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Political scientists Mainwaring, O'Donnell among field's most-cited scholars

Author: Arts and Letters


The journal PS: Political Science & Politics__has__named the University of Notre Dame’s Scott Mainwaring and Guillermo O’Donnell among the 400 most-cited scholars teaching in U.S. political science graduate departments.

In “The Political Science 400: A 20-Year Update,” the authors ranked the top 25 scholars according to their doctoral year in cohorts of five years from 1940 to 1999. The authors also ranked scholars by subfield and gender.

Mainwaring, the Eugene P. and Helen Conley Professor of Political Science and the director of the Kellogg Institute for International Studies, ranked 15th among those who received their doctorates between 1980 and 1984.

O’Donnell ranked seventh among those receiving their doctoral degrees from 1970 to 1974 and was one of only five scholars of Hispanic, Latino or Asian heritage included on the top 400 list. O’Donnell, who is the Helen Kellogg Professor of Political Science and a faculty fellow of the institute, was Kellogg’s academic director from 1982 to 1997.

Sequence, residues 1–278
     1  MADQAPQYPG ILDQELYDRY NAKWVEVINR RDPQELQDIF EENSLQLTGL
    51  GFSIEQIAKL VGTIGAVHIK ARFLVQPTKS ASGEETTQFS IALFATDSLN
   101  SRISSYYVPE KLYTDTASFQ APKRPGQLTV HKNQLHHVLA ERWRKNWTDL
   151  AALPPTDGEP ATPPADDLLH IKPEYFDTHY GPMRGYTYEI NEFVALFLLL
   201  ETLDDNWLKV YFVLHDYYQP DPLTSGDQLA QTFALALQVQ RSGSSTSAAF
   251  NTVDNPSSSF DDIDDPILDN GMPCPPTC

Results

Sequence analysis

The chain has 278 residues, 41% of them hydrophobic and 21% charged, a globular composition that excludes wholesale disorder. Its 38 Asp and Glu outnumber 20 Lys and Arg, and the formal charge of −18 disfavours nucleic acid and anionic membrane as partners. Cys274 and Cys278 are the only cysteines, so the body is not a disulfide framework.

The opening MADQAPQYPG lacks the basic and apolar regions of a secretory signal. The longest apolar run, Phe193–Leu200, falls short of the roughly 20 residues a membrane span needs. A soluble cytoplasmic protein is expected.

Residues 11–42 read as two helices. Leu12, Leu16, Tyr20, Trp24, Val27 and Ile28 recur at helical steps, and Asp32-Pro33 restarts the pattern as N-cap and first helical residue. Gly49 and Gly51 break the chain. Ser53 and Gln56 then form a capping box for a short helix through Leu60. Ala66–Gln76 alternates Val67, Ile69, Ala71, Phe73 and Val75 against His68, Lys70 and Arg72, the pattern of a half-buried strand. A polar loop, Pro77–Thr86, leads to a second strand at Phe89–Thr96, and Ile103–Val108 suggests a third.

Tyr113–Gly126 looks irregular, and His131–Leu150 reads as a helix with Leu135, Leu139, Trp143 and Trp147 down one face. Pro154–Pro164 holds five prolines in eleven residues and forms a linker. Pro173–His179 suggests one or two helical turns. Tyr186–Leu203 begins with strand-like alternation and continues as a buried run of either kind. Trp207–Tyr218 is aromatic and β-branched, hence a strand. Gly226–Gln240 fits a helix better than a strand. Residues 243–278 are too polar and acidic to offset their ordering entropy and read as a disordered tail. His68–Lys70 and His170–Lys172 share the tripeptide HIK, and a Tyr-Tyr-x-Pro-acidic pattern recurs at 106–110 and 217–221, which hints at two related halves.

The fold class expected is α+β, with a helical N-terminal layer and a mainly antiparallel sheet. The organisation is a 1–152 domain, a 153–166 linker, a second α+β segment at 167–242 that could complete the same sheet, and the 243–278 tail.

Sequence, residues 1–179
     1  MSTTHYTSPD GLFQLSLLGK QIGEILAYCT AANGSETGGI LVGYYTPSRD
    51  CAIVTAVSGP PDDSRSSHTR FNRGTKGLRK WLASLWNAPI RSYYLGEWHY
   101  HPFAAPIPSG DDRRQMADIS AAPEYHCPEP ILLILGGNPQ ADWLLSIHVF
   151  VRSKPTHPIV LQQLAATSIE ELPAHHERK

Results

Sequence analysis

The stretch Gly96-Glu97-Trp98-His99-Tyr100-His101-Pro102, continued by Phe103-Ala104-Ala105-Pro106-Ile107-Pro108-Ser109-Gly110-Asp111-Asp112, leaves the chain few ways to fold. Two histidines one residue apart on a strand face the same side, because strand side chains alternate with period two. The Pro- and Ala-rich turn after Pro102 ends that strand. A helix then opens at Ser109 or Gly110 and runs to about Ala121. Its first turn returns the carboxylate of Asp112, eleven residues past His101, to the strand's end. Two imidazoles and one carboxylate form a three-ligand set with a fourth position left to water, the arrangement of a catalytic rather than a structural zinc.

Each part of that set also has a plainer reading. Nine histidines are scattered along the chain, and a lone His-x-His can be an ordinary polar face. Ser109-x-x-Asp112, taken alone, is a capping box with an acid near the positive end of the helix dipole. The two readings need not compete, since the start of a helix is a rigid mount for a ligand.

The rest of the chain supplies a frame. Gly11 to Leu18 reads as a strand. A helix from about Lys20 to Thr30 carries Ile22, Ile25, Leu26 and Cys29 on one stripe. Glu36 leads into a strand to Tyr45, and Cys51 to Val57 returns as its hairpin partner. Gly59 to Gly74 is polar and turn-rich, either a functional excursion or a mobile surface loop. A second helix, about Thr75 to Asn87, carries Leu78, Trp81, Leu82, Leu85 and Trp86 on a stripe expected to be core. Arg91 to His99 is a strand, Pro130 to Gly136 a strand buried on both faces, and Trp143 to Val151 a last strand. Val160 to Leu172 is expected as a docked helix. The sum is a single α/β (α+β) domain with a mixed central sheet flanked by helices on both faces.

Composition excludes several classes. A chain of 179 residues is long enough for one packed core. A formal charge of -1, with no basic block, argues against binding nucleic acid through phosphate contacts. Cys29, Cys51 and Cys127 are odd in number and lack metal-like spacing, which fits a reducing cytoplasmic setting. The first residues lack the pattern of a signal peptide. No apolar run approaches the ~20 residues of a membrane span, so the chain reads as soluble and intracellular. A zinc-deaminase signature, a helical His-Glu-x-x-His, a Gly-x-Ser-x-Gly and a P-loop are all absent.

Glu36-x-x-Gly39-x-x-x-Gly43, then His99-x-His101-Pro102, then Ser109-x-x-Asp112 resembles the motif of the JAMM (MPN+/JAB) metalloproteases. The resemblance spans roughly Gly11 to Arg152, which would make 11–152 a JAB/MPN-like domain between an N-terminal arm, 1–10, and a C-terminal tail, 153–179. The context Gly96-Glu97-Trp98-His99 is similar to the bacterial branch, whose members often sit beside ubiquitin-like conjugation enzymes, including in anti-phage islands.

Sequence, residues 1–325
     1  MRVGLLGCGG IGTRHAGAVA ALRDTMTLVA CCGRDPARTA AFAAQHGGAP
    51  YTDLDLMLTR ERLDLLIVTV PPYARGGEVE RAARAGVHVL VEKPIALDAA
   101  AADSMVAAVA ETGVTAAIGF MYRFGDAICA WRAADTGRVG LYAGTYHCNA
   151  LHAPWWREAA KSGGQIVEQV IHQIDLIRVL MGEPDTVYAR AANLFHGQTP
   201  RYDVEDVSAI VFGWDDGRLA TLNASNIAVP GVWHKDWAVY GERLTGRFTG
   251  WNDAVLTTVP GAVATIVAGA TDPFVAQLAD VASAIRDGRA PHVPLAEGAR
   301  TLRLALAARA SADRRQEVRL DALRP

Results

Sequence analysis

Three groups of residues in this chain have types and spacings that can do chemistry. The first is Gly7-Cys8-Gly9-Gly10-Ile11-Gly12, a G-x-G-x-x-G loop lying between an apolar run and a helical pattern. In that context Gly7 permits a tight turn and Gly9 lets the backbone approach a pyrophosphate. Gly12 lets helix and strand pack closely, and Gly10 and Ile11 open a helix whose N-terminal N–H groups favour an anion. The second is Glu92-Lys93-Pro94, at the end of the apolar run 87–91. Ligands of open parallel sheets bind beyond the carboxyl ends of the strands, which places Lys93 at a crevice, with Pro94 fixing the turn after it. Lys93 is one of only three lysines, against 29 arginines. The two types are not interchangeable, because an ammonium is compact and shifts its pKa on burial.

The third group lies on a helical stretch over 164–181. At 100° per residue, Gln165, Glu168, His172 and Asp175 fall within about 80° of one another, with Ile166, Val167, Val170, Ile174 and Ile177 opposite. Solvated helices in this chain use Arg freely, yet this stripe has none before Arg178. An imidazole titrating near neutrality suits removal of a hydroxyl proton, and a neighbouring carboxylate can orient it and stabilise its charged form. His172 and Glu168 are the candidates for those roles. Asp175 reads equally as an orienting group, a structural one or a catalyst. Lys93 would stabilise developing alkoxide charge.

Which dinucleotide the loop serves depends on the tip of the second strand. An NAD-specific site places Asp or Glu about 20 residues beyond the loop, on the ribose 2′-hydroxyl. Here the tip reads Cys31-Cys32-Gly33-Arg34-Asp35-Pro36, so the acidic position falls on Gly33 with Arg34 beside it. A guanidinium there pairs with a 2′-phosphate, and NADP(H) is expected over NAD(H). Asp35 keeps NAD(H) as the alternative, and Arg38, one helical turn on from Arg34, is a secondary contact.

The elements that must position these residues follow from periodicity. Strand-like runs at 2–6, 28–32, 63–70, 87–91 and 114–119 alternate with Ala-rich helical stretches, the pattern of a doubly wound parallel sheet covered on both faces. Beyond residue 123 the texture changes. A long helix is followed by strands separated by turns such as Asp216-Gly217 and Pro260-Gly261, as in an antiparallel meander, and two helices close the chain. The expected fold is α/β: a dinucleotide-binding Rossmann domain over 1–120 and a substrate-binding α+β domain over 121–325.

“Rather like the Fortune 500, which ranks corporations by their total gross revenue, we identify the `notables’ of our time by ranking individual scholars based on their cumulative citation counts,” according to the survey’s authors, who studied data from the Social Sciences Citation Index.

The authors noted that citation data can be preferable to publication data since many publications, even those in prestigious journals, have “little or no impact orvisibility in the field.”

Moreover, work published in less-prestigious journals may nonetheless come to be highly visible and influential. Finally, the article notes, “judging visibility only by article publication discriminates against those scholars whose publications come as books.”

PS: Political Science & Politics is published by the American Political Science Association. It is the only quarterly professional news and commentary journal in the field and is the prime source of information on political scientists’ achievements and professional concerns.

Originally published by Kelly Roberts at on February 21, 2007.